PabloJ
April 3, 2013, 01:41 AM
The lack of training requirements is shocking. Where I live one can actually obtain carry permit for handgun w/o passing shooting qualification tests.:eek:

JRH6856
April 3, 2013, 01:50 AM
A person's right to own firearms is not in question. Their right to discharge them in public areas, without having basic safety training is what is concerning. Several years ago, my state implemented hunter safety requirements for new hunters, born after a certain date. Would you consider this to be a violation of fundamental rights?

It is well to keep in mind that the 2A protects the right to keep and bear arms. Use of those arms is not mentioned and is, and always has been, highly subject to regulation.

316SS
April 3, 2013, 02:26 AM
In the first case, the presumption is only that the potential gun owner should be exposed to basic firearms safety. Whether he is safe or unsafe without it is not an answerable question apriori, therefore it is also a moot one.

You are proposing to place a condition on the exercise of a fundamental right. Of course you assume a new gun owner is unsafe, or else what is the basis for requiring him to receive training?

In the 2nd case, you are correct that I am presuming that safety training would help prevent accidents such as this, although possibly not this particular one. I do not see this as faulty, but rather logical. We all train our children on firearms safety by this same premise.

It is telling that you equate requiring government sanctioned training with parenting a child. Statism often masquerades as paternal beneficence.

A person's right to own firearms is not in question. Their right to discharge them in public areas, without having basic safety training is what is concerning.

Maybe you are advocating that people be required to receive training to shoot on a private (open to the public) range? I have no problem with a private range requiring shooters to receive training; that is their right. My issue is with a government mandated training regime. A right with conditions has another name: a privilege.

Several years ago, my state implemented hunter safety requirements for new hunters, born after a certain date. Would you consider this to be a violation of fundamental rights?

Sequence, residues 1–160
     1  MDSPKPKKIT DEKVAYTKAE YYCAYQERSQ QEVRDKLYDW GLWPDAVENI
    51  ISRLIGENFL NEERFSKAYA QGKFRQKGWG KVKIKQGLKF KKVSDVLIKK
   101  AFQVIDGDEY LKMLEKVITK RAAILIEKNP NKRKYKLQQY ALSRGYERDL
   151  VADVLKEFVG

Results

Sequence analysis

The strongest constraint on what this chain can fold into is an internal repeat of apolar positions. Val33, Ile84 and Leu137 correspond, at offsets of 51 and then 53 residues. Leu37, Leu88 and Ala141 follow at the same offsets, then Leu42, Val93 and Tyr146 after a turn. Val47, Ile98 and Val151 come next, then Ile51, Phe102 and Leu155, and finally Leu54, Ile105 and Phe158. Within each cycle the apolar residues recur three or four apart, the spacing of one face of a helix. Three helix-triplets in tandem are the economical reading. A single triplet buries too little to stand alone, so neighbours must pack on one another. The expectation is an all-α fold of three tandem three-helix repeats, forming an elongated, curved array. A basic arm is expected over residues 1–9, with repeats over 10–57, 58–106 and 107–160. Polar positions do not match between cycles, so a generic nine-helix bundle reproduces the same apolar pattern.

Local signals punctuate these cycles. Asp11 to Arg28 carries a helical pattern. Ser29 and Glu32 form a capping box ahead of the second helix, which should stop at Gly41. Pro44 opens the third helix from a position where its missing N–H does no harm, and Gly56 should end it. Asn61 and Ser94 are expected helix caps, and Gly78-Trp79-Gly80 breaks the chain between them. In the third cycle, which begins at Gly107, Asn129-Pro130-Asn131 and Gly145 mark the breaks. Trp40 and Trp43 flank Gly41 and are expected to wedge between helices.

Straw man argument. Hunter education is required as a condition of exercising what is generally accepted as the privilege of hunting.

I think safety training is great. I have obtained it, to satisfy myself that I can handle firearms safely, recognizing that it is my personal responsibility to do so. My problem is with the mandatory part. As members of a(n ostensibly) free society, we accept the potential for mishaps. We cannot nor should we try to legislate away every hazard in our lives at the expense of our freedoms.

ngnrd
April 3, 2013, 02:31 AM
A well regulated militia, being necessary to the security of a free state, the right of the people to keep and bear arms, shall not be infringed.
See that "well regulated" part? That's where the training comes in. Should that training be government mandated? I don't know. I have a hard time with that. But knowing how to safely handle a firearm is definitely part of being a responsible gun owner.

cheeze
April 3, 2013, 02:54 AM
More government is never a good idea. We are suppressed by so many restrictions, regulations, mandates, etc... until nothing we do is legal and everything we do is a liability with lawyers and insurance companies that it's ridiculous.

We are responsible for our own actions. Period. Our justice system doesn't seem to take that view much anymore, nor does our govt or society. Parents don't teach responsibility, and society takes over from there. That's where the problem lies.

HorseSoldier
April 3, 2013, 03:01 AM
See that "well regulated" part? That's where the training comes in. Should that training be government mandated? I don't know. I have a hard time with that. But knowing how to safely handle a firearm is definitely part of being a responsible gun owner.

I'm not a constitutional scholar, but my understanding reading things written by those who are, is that "well regulated" is 18th century speak for "well equipped" not well organized, disciplined, or trained. (Aspects of those issues were seperately addressed under various militia laws and acts that were law of the land down through the years before the formal establishment of the National Guard as the organized side of the militia.)

Rock185
April 3, 2013, 03:41 AM
I will say that I was in a CCW class here in Arizona and a couple of license renewal classes. It was SCARY folks. Most got their CCWs though. Some were undoubtedly hunters, but had NO familiarity with the use of a handgun as a SD weapon. As just one example, one old woman, Must have been nearly as old as me, covered a bunch of us with the muzzle of her gun. She was animatedly upset that she had done very badly on the live fire portion of the class. She emphasized this by shaking and pointing her gun, as one would shake one's finger, at her husband and others, saying that it was his fault because he made her nervous. The instructor called me a couple days later to let me know he did not pass her. Maybe there is something to mandatory safety training. Wouldn't the press have loved reporting that someone had been shot in a CCW class, even with an official Government approved and certified instructor present...